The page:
Petrol: 2.3 EcoBoost
Diesel: 2.0 EcoBlue
The 2.3 EcoBoost engine is derived from the previous generation Ford Focus RS, but the team of engineers behind it claim that it boasts faster in-gear acceleration than its donor vehicle. This is thanks to sophisticated turbocharging technology filtered down from the Ford GT programme.
In essence, an anti-lag system electronically holds open the throttle for up to three seconds after the driver eases off the accelerator, stopping the reversal of airflow from the turbocharger in order to keep it spinning.
This allows the driver to comfortably achieve a flat-shifting technique, where the clutch can be engaged without easing off the accelerator, resulting in much quicker upshifts through the gears. A clever rev-matching programme automatically blips the throttle with downshifts, too, allowing for seamless changes without the need to master the tricky ‘heel-toe’ driving technique.
Thankfully, this racy technology can be switched off, as Ford offers selectable driving modes for the first time in a ST model. Normal, Sport and Track offer various settings for throttle response, braking inputs and traction control, while a Slippery/Wet mode keeps the power in check when the weather turns foul.
The engine itself is a lovely thing to live with, offering plenty of poke under normal driving conditions but also an extremely engaging drive when pushing it to the high rev ranges. Unfortunately (or fortunately, depending on how you look at it), the exhaust note is no longer as ASBO-inducing as it used to be, with a synthetic burble piped into the cabin.
In order to appeal to as broad a customer set as possible, the new Focus ST is also available with a diesel engine, badged as 2.0 EcoBlue. Those expecting hair-raising performance might be a little disappointed. The car is heavier, the suspension is softer and it doesn’t pack as much racetrack technology as the 2.3-litre counterpart.
The upside is decent straight-line acceleration and excellent fuel economy figures, making it a good choice for those with lots of motorway miles on the car. As previously mentioned, all of these engines are currently mated to a six-speed manual transmission, which is slick and its short throw makes for very pleasing changes, but there will be a seven-speed auto offered later in the year.
0 - 62mph
Ford Focus ST Trims
Ford no longer offers the choice of various trim levels in its ST models, stating that most customers would plump for the top-of-the-range ST-3 models, meaning there was very little need to offer anything less in this generation.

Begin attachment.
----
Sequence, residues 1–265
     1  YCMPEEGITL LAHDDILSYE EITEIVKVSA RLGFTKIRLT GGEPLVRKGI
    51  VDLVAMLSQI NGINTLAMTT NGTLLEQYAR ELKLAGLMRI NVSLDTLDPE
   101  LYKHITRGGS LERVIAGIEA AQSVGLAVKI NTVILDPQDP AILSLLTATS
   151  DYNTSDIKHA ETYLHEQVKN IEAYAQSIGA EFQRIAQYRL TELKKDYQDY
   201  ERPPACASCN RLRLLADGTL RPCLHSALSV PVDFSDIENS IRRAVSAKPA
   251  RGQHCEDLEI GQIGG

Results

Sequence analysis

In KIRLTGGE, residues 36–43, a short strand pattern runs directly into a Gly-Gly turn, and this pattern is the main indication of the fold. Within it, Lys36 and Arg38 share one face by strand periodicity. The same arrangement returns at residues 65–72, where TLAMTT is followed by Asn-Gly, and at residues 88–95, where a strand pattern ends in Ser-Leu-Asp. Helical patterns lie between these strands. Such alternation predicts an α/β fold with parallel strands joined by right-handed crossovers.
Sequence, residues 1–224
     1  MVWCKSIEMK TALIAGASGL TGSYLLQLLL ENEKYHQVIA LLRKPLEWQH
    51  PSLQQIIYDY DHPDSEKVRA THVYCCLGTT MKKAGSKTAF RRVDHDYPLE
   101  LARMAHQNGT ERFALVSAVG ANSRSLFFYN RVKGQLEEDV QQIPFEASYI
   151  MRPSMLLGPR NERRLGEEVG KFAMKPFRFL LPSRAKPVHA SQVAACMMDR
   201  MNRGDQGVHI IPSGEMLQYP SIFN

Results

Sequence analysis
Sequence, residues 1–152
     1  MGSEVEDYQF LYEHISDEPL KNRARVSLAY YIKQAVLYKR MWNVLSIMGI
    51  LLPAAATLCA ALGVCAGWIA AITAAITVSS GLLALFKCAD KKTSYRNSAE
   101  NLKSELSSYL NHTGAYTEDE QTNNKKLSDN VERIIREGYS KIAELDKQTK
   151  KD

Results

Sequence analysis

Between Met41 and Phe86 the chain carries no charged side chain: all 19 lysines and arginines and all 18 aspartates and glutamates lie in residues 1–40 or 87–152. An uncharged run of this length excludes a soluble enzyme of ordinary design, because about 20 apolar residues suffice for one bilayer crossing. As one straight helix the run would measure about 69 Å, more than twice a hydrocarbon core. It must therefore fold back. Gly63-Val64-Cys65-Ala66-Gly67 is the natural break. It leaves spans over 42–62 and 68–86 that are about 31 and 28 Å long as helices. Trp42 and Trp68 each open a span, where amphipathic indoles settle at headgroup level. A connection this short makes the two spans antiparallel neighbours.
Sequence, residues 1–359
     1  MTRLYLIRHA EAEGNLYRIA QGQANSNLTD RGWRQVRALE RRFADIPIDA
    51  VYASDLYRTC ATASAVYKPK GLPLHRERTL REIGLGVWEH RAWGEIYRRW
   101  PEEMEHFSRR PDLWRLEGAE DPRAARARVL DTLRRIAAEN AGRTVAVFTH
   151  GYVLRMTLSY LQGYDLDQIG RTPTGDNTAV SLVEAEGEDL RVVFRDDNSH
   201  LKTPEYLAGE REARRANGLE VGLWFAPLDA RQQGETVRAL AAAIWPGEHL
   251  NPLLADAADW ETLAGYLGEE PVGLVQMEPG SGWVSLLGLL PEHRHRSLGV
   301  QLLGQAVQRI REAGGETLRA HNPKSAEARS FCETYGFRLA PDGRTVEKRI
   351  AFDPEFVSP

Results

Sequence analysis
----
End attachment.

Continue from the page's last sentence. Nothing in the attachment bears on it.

It means the RRP is a little higher, with prices now starting at £31,995 for the five door 2.3 EcoBoost model and rising to £33,095 for the estate versions, but the list of standard kit is impressive. Expect a full suite of driver assistance technologies, including adaptive cruise control, active park assist (semi-autonomous parking), blind spot detection and lane keeping assistance.
There’s also a large rear-view camera, traffic sign recognition and hill launch assist, which makes things a lot easier when setting off on steep inclines. In short, there’s pretty much everything Ford offers as an option on Focus, bar a few additional niceties.
A head-up display is a £400 optional extra, while a hands-free tailgate can be added to estate models for extra convenience. There’s also a Performance Pack, which adds the Track drive mode, launch control, rev matching and shift indicator. At £250, we sense most customers will probably want to add this.
The ST also benefits from a premium B&O audio system, a heated steering wheel and Ford’s KeyFree system, which are all carried over from the range-topping Vignale trim.
Although not quite as well put together as a rival Golf GTI, the Focus ST feels solid inside, with some unique contrasting stitching and bespoke Recaro ST seats making it feel slightly more special than the standard version. Still, the large touchscreen entertainment system could be better integrated into the dash and some of the buttons and switchgear feel a bit cheap, but then this isn’t a hugely expensive machine considering it performance stats.
Ford Focus ST Reliability and warranty
Despite Ford regularly topping the tables for cars sold here in the UK, it rarely sees the same result for reliability and customer satisfaction. In fact, in the 2019 Auto Express Driver Power customer satisfaction survey, it wallowed towards the bottom of the table, alongside Citroen, Hyundai and BMW.
Used Ford Focus ST
The current generation is too new to secure big savings on the used market.